And since I'm still an adjunct type, (fingers crossed that will change soon) at a school that is about 30 years behind the "revolutions" that were the culture wars, I see this reflected *every time* I turn around.

We must teach the "core" of canonical Literature. It's crucial that they (always they) know these Important Texts. Why, they have to read Milton (or any other dead white male) because it's Classic, and Universal! Don't worry about the "other" stuff, they'll get that in grad school. It's hard to believe, but very, very much a part of the world of most people in many colleges.

This is why I call it "Literature" with a big L. (And pronounce it all fancy pants.) Students get more pleasure out of reading things they connect with-- but that CAN be literature, too. We just have to remember that very, very few of them will be English majors, and that even the English majors might just be doing it because they figure it's easier than math. (Good luck to those majors getting the well-paying jobs though).

I love this post. Yes, I would love to participate on a Working Class Stiffs sort of panel at MLA. Maybe if you don't do it, I'll create a proposal for a panel for next year. I'm dying to go to San Francisco anyway.

dr zombieswan said...

Oh, and since now on reading it, it isn't obvious, that whole paragraph on teaching "the core" is sarcastic....

Dr. Crazy said...

If somebody (or somebodies) want to put together such a panel for MLA next year, I happily hand over the idea, as I am certainly not going next year (it's my year off before I'm obligated to go for the next three because of a position I hold in an allied organization). I'm going to do another post later about panels and MLA, particularly the make-up of special sessions that are selected vs. allied org. sessions vs. division sessions, but for now, if people wanted to try to get a panel like that accepted, I hand the idea over to you.

New Kid on the Hallway said...

Awesome post. History doesn't run into the same kind of questions - enough people seem to believe that those who don't learn from history are doomed to repeat it, blah blah blah, that it's sort of a given that we should teach history (the debate comes more over whether it should serve a kind of civics purpose as well. But that's a whole other thing). That said, I totally agree with what you write here.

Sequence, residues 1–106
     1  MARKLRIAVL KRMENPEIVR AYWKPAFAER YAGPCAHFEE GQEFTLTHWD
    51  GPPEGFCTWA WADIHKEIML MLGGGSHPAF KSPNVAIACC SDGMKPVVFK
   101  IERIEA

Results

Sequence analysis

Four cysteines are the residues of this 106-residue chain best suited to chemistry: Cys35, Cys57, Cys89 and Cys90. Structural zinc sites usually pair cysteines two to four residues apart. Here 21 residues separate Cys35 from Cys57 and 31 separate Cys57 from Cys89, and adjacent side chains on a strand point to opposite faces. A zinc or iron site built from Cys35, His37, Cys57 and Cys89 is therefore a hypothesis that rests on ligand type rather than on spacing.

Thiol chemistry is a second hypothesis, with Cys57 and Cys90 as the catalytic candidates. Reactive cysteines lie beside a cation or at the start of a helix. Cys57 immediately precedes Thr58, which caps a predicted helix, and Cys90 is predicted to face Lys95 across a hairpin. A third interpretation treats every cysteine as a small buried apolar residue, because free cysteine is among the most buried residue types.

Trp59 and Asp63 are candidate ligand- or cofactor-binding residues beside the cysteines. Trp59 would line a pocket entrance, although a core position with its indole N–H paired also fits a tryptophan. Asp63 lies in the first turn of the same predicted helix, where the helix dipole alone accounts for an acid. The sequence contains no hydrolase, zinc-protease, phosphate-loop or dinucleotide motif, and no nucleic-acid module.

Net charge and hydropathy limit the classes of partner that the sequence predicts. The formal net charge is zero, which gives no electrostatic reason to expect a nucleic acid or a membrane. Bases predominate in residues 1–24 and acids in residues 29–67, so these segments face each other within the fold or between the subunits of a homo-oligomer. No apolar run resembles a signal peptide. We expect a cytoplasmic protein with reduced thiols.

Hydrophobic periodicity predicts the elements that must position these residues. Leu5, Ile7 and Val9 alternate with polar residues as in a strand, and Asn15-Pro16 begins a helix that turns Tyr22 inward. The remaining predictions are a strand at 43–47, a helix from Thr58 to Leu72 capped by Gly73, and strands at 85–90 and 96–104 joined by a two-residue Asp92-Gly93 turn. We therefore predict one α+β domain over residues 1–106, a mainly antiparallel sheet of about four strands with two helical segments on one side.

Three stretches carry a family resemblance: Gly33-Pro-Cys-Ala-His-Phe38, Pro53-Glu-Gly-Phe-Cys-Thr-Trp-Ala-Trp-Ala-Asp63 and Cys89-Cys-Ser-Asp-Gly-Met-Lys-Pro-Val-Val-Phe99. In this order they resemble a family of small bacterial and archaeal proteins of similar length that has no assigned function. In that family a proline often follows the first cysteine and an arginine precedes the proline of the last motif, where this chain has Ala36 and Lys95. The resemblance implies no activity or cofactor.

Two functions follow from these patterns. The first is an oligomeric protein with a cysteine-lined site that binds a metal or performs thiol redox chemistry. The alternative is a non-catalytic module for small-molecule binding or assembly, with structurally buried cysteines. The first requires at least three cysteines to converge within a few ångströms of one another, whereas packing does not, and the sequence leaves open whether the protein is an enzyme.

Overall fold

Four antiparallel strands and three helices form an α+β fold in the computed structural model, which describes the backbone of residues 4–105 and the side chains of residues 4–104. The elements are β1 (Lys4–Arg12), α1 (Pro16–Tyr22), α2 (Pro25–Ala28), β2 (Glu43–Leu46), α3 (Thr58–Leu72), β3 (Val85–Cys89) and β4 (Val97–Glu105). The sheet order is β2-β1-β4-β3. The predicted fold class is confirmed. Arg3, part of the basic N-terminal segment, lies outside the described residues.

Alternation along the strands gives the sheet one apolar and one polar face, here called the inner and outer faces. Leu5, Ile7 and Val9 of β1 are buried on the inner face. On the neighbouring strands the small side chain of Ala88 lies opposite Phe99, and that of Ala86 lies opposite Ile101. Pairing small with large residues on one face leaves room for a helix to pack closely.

This is a random question, but I'm wondering, too, do students always understand the distinction between literature and composition? Because I'm thinking the people on the panel are also people unlikely to teach much composition, whereas in a lot of the other contexts you describe, English faculty teach both. I have no idea if that has anything to do with anything, but I was just thinking of how that probably also creates a rarefied world for such panelists (and yes, the panel was about teaching literature, but I just wondered. I know when I was a student I never thought about taking comp classes or taking lit classes - they were just English classes).

Dr. Crazy said...

To NK:
I think students do know there's a difference between literature and composition courses because in one they read a lot more and in one they write a lot more. BUT I think they perceive both as "English" classes, and I don't think that they privilege one over the other in precisely the way that academics tend to (in whatever direction). I do think that your sense of the disconnect of professors who don't tend to teach composition from the issues that I noted probably does come from the fact that they're not really meeting those uninterested, unengaged students for whom reading is not a pleasure in quite the numbers that those of us at my kind of institution are. Hmmm.

Dr. Z. I see your frustration about the canon thing. I'd have to say, I'm all for teaching the dead white men, but I think there needs to be a more compelling reason than "because it's the core" or "those are the Important Texts" - without more compelling reasons, those texts are *meaningless* to students from backgrounds in which few people value education in general as anything other than a ticket to a better job. I think the challenge with teaching the canon is in showing students how it does connect to them. That's not to dismiss less canonical or more marginally canonical texts and the necessity of introducing students to those, but I tend to like to find a way to sit the dead white men down at the same table with those folks.

sky said...

Great post, great comments. I agree that a text has to have meaning for the student. And every text is fair game; even an old text can have meaning if presented within a cultural framework. Comparing the issues at hand to contemporary society - very often considered a no no by ‘old fashioned’ or ‘strict’ medievalists – can make an old text more interesting than a contemporary one. And the ‘working class’ will come up every time if you read a medieval or early modern text, since the existing texts do not represent the ‘working class’ but the society of the ruling nobility. So you need to reconstruct what is missing from the given. Compare this to the here and now, and see the students connect and suddenly discussing all kinds of contemporary issues they thought they were not even interested in. Teaching a text without meaning for the students is meaningless teaching. Without meaning, no understanding of the self and the other, without understanding no pleasure.